Catastrophic health expenditure and rural household impoverishment in China: what role does the new cooperative health insurance scheme play?

PLoS One. 2014 Apr 8;9(4):e93253. doi: 10.1371/journal.pone.0093253. eCollection 2014.


Objective: To determine whether the New Cooperative Medical Insurance Scheme (NCMS) is associated with decreased levels of catastrophic health expenditure and reduced impoverishment due to medical expenses in rural households of China.

Methods: An analysis of a national representative sample of 38,945 rural households (129,635 people) from the 2008 National Health Service Survey was performed. Logistic regression models used binary indicator of catastrophic health expenditure as dependent variable, with household consumption, demographic characteristics, health insurance schemes, and chronic illness as independent variables.

Results: Higher percentage of households experiencing catastrophic health expenditure and medical impoverishment correlates to increased health care need. While the higher socio-economic status households had similar levels of catastrophic health expenditure as compared with the lowest. Households covered by the NCMS had similar levels of catastrophic health expenditure and medical impoverishment as those without health insurance.

Conclusion: Despite over 95% of coverage, the NCMS has failed to prevent catastrophic health expenditure and medical impoverishment. An upgrade of benefit packages is needed, and effective cost control mechanisms on the provider side needs to be considered.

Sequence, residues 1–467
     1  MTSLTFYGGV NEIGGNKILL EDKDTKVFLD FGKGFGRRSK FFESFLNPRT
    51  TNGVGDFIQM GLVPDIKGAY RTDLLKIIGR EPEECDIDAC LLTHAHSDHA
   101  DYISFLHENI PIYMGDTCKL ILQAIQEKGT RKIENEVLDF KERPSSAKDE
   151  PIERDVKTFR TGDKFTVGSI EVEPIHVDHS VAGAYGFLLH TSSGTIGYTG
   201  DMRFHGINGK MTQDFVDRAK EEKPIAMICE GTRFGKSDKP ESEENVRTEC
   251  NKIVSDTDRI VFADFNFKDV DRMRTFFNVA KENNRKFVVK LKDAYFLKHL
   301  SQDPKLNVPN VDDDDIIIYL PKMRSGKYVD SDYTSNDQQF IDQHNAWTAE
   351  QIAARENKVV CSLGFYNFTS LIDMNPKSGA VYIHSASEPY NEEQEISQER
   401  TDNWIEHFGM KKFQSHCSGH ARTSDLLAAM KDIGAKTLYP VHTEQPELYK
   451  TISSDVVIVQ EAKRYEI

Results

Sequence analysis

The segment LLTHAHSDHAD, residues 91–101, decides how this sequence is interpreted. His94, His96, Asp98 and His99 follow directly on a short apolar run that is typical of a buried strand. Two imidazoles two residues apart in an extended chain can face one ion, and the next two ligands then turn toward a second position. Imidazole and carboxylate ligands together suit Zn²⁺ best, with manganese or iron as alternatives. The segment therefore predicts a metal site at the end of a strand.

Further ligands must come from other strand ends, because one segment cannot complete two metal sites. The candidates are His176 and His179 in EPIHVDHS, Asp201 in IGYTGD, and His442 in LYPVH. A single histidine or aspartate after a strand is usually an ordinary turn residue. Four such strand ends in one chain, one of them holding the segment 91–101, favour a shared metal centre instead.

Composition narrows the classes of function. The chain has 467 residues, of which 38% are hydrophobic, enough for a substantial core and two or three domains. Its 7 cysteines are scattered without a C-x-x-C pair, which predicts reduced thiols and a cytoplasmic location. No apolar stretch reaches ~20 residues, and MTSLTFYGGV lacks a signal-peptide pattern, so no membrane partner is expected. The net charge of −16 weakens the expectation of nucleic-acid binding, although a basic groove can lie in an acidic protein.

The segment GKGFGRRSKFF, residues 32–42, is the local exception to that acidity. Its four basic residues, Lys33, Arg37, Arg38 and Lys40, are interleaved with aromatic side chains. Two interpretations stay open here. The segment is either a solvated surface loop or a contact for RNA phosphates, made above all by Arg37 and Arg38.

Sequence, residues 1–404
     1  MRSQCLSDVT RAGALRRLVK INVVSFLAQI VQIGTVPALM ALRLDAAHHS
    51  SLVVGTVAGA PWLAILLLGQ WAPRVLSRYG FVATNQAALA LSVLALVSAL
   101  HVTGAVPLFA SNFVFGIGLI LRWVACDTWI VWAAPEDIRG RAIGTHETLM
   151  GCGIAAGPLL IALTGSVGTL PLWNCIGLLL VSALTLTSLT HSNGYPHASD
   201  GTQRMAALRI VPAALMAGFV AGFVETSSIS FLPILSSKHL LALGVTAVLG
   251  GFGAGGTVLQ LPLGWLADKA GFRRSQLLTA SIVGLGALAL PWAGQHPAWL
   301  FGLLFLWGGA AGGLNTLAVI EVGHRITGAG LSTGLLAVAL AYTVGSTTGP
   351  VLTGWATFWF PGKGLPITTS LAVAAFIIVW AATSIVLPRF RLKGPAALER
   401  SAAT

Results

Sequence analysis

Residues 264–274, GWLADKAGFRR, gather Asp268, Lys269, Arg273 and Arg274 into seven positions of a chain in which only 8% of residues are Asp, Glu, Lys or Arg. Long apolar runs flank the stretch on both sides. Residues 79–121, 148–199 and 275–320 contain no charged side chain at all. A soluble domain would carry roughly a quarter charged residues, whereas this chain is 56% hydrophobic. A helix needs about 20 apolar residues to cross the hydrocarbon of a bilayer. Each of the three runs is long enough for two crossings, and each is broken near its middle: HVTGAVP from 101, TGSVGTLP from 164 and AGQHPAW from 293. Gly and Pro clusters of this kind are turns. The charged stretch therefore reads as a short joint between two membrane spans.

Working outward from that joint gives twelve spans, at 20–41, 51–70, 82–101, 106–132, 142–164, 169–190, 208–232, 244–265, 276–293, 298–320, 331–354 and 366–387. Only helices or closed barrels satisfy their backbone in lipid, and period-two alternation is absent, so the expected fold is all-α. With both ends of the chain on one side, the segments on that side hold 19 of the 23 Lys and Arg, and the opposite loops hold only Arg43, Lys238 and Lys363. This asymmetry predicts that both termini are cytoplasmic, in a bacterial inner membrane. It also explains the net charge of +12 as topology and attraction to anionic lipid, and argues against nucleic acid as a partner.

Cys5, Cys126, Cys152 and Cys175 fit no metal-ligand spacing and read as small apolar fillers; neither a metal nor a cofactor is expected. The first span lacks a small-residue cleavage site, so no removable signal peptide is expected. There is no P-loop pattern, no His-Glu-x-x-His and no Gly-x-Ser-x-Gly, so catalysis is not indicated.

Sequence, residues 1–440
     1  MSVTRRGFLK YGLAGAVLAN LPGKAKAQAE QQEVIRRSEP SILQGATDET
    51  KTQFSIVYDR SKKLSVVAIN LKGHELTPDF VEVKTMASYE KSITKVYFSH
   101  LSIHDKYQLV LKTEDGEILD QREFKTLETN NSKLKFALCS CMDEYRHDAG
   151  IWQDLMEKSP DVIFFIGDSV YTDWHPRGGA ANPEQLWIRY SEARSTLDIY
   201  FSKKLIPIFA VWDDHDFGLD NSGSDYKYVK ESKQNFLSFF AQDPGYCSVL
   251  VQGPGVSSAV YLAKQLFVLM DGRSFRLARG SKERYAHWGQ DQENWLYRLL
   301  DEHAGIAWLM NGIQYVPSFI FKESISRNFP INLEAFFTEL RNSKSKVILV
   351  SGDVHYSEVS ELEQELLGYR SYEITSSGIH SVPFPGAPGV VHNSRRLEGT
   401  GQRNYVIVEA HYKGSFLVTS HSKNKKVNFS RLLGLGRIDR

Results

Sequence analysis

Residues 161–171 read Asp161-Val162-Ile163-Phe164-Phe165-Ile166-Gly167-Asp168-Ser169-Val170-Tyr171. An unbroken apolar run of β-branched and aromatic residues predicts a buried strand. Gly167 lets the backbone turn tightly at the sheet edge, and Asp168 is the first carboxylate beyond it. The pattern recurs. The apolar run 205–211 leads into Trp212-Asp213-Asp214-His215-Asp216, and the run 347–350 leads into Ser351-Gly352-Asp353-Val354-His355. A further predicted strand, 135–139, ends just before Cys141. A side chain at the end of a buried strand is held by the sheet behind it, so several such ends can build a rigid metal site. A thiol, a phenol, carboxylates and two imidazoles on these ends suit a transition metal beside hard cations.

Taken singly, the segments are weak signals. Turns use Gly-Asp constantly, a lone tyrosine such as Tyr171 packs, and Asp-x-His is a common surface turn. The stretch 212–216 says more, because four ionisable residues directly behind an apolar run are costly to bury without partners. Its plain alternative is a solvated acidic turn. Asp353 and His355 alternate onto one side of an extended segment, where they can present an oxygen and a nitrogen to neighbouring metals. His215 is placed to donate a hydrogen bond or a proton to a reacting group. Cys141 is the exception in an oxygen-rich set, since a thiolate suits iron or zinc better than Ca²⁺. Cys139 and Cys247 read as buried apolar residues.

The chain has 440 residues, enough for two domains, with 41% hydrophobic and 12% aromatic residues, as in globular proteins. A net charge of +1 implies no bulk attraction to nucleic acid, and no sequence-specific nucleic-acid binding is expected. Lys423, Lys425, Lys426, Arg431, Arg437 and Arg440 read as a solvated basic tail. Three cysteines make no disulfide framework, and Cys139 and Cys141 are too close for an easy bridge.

Publication types

  • Research Support, Non-U.S. Gov't

MeSH terms

  • Catastrophic Illness / economics
  • China
  • Family Characteristics
  • Health Expenditures* / statistics & numerical data
  • Humans
  • Insurance, Major Medical* / economics
  • Insurance, Major Medical* / statistics & numerical data
  • Models, Statistical
  • Poverty / economics
  • Poverty / statistics & numerical data
  • Rural Health Services* / economics
  • Rural Health Services* / statistics & numerical data
  • Rural Population / statistics & numerical data

Grants and funding

This work was supported by National Natural Science Fund (key grant :71333003, and general grant 71073044, 71203049). The funders had no role in study design, data collection and analysis, decision to publish, or preparation of the manuscript.